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More Minority Women Die in Childbirth

Black, Hispanic and Asian women - and a handful of white women not born in the  U.S. - accounted for 41 percent of all births nationwide between 1993 and 2006,  but for 62 percent of pregnancy-related deaths, researchers found.

"Everyone thinks the U.S. has great healthcare, which is definitely the case,  but certainly there are populations in the U.S. that have outcomes that really  look like outcomes in developing countries," said Dr. Allison Bryant, a maternal  fetal medicine specialist from Massachusetts General Hospital in Boston who  wasn't involved in the new study.

She said some of those differences may be due to minority women's lack of  access to good pregnancy care - but that health problems growing up and before  they become pregnant are likely to blame as well.

"If women are dying in the context of pregnancy, it speaks to a much broader  problem in terms of disparities in medicine," Bryant told Reuters Health.

"If everyone had access to good pre-conception care... that might help to  mitigate some of the things that we're seeing on the back end in terms of  pregnancy."

Dr. Andreea Creanga and her colleagues used data collected by the CDC on all  women who died during or within a year after pregnancy as well as birth records  for their babies.

They found that for every 100,000 babies born to white women, between seven  and nine moms died from complications related to pregnancy - including heart  problems, infections and bleeding.

In comparison, 32 to 35 black women died for every 100,000 live babies.  Deaths among Hispanic and Asian women - born in the U.S. and abroad - were  closer to rates for white women at around 10 per 100,000.

Overall, older women were most likely to die during childbirth. Eighteen  white mothers ages 35 and up died for every 100,000 babies born, as did 99 older  black women - almost one for every 1,000 babies.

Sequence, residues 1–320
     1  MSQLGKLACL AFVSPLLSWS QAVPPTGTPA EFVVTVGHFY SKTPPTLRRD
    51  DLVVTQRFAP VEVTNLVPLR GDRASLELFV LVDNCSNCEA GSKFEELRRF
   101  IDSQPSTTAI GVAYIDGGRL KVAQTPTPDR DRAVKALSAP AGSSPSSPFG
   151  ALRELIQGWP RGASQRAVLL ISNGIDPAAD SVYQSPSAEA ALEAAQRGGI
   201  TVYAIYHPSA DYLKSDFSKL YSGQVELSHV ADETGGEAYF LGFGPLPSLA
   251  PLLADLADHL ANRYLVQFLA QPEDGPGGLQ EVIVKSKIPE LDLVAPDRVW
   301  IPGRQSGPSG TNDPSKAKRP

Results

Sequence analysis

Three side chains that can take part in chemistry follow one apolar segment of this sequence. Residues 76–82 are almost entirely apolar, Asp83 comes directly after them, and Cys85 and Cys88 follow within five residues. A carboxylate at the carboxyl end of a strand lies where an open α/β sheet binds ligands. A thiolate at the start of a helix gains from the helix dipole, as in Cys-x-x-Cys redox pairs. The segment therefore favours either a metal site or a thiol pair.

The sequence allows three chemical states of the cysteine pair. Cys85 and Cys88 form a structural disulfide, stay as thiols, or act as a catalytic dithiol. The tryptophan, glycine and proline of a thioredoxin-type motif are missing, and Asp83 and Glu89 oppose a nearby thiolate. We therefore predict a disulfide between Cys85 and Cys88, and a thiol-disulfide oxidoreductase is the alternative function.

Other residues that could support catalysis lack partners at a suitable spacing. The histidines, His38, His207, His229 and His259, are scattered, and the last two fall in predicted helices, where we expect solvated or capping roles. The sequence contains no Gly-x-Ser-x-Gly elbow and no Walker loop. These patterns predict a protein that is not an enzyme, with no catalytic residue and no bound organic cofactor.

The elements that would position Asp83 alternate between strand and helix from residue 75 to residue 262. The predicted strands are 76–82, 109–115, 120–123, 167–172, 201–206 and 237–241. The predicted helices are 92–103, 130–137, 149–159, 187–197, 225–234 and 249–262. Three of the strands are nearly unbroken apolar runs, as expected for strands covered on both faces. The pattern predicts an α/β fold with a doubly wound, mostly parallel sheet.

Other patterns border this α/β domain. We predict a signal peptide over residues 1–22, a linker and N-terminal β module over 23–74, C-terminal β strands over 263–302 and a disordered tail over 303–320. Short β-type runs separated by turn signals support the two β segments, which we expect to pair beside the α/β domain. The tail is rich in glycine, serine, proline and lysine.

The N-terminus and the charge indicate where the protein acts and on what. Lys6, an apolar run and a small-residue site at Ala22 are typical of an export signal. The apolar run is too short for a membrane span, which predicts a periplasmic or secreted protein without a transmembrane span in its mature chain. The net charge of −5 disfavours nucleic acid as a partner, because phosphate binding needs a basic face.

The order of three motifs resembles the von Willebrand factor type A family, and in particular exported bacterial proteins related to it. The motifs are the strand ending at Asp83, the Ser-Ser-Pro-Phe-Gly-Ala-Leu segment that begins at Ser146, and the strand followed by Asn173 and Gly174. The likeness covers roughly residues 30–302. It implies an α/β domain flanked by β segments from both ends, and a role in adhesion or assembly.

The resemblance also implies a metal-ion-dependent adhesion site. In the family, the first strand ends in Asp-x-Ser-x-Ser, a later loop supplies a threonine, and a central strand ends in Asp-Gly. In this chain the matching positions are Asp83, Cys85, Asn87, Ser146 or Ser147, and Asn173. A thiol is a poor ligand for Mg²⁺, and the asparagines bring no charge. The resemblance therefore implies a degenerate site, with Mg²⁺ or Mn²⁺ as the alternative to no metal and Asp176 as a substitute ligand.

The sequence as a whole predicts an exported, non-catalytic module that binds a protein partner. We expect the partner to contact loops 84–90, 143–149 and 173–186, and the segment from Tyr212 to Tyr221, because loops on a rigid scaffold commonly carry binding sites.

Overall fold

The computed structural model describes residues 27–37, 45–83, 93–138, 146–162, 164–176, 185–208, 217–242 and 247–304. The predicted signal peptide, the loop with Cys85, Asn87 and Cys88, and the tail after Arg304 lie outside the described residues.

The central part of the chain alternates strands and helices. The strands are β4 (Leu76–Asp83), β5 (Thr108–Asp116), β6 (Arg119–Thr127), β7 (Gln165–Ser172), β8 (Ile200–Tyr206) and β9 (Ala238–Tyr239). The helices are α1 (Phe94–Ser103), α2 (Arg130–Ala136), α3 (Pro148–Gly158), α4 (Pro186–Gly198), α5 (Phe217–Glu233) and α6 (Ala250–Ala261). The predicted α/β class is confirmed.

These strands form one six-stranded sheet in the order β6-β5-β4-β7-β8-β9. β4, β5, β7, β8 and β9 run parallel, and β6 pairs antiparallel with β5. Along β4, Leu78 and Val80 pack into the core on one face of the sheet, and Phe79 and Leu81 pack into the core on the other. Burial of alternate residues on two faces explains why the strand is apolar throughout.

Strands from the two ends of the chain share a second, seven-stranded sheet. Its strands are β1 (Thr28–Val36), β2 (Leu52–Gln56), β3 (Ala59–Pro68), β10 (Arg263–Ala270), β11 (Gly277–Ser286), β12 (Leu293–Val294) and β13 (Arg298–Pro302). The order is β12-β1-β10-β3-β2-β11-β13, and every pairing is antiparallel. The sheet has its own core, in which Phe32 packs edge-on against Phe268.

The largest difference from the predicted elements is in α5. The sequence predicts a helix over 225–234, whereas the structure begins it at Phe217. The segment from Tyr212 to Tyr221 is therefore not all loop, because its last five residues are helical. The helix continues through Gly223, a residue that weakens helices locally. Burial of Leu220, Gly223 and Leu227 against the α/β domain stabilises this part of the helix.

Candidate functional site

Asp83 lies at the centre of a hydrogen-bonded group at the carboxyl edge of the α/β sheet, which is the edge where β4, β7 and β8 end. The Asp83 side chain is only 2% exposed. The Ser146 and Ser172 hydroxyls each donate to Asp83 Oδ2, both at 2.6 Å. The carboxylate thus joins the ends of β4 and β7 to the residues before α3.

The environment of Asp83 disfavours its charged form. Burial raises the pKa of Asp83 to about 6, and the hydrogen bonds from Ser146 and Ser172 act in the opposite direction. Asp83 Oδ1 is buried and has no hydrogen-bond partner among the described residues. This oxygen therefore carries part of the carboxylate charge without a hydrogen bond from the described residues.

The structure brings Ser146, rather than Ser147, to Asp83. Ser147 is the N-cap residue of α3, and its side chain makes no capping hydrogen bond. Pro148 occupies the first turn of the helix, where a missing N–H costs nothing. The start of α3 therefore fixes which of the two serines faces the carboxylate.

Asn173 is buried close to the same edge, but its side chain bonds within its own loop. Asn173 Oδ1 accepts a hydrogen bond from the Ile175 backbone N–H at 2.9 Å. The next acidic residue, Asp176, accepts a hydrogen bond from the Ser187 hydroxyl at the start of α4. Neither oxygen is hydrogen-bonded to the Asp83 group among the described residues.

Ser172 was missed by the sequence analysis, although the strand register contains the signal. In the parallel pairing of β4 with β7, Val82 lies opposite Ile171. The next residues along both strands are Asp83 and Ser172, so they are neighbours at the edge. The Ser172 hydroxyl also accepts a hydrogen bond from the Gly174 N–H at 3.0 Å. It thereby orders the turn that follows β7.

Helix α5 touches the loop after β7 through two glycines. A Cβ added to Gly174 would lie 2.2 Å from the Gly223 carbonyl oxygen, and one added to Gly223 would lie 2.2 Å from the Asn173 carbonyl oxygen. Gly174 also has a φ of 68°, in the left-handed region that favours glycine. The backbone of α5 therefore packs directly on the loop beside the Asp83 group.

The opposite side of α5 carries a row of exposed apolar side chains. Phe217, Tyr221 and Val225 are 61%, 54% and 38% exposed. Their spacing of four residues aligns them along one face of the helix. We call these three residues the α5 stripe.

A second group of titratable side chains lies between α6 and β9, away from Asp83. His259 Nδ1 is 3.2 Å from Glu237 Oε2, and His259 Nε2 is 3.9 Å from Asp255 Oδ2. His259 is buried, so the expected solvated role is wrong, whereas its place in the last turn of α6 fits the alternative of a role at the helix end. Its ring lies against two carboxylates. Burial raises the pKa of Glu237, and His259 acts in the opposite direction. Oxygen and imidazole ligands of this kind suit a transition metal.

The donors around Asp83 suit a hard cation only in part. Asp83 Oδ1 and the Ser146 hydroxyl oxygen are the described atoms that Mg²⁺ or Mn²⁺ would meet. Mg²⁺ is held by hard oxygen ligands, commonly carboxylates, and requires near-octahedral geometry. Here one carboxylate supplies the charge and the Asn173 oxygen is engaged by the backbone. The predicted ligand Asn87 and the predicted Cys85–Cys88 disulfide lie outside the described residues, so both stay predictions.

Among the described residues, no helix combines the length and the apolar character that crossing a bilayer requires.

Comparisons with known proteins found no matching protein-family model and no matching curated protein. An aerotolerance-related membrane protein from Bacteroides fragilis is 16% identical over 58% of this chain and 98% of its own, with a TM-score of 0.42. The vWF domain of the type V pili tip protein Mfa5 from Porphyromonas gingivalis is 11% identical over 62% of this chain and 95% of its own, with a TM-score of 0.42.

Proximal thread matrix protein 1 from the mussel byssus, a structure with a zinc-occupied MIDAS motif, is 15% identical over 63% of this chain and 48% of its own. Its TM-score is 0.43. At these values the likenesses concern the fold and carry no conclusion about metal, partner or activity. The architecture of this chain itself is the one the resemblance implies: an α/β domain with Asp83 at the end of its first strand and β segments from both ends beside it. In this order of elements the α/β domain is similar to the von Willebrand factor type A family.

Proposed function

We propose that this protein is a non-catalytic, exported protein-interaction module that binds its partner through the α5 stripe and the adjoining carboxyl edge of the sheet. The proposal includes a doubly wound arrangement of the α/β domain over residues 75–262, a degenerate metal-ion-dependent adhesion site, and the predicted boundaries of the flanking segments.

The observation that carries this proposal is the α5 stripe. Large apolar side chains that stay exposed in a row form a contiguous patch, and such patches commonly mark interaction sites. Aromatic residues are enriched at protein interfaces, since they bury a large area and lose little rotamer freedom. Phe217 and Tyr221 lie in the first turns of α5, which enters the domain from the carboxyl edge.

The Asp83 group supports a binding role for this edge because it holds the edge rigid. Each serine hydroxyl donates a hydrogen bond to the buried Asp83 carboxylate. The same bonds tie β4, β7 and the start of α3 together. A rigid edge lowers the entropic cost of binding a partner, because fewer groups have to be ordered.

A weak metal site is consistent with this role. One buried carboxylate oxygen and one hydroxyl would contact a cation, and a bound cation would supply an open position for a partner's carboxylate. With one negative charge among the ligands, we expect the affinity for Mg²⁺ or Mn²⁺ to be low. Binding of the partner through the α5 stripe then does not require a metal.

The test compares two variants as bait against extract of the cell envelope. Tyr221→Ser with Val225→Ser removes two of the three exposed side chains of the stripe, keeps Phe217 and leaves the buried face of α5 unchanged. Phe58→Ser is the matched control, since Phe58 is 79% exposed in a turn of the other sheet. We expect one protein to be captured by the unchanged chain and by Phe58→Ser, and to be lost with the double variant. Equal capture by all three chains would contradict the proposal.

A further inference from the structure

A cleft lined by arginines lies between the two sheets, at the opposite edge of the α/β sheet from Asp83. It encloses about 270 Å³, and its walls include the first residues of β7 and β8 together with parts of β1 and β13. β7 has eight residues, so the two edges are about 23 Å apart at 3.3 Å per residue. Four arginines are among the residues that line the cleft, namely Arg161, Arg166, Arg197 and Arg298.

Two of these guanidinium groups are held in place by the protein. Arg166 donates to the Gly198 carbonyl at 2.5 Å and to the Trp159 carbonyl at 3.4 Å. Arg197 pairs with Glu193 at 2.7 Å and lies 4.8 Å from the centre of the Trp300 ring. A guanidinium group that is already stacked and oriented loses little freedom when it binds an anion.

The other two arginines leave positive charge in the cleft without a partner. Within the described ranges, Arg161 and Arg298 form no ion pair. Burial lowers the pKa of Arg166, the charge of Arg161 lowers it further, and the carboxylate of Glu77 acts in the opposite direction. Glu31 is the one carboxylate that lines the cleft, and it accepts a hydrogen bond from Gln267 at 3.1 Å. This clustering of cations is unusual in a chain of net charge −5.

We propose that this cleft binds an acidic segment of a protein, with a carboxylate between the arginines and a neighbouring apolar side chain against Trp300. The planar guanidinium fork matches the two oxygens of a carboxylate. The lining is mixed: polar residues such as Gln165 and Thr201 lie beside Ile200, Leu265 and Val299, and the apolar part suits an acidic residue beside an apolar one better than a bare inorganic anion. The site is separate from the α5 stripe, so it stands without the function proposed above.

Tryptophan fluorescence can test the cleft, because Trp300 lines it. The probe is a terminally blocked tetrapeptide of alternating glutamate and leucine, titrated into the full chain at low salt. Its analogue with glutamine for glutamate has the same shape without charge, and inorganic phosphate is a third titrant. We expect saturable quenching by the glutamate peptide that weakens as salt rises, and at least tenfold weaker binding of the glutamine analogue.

Consistent with recent research, Creanga's team also found a general increase  in the number of pregnancy-related deaths, from 11 per 100,000 births in 1993 to  almost 16 per 100,000 in 2006. It's not clear whether that rise reflects more  women actually dying or just better identification of the women who do die from  pregnancy-related complications, the researchers reported in Obstetrics &  Gynecology.

They didn't have access to clinical details such as how babies were delivered  and mothers' weight, both of which could affect pregnancy risks.

A total of about 7,500 women died of pregnancy-related complications during  the 14 year-period.

Heart problems and general cardiovascular disease, including high blood  pressure, were the most common causes of death in childbirth for both white and  black women during the latter half of the study period.

"Similar changes have been observed in other countries, and very likely are  due to combination of factors, including postponement of pregnancy and higher  proportions of obesity, diabetes and hypertension among pregnant women," Creanga  told Reuters Health.

Bryant said it's possible some differences in heart-related deaths are due to  genetic or dietary differences between women. Deaths related to bleeding during  childbirth, however, should be preventable with good medical care, she  added.

More research will be needed to see what's really driving these disparities -  and to figure out how to start addressing them, according to Bryant.

The study is published in journal Obstetrics & Gynecology.

Source: Medical Daily at http://www.medicaldaily.com/articles/11304/20120804/minority-women-death-childbirth.htm#QLugE8SApJFkkBwZ.99

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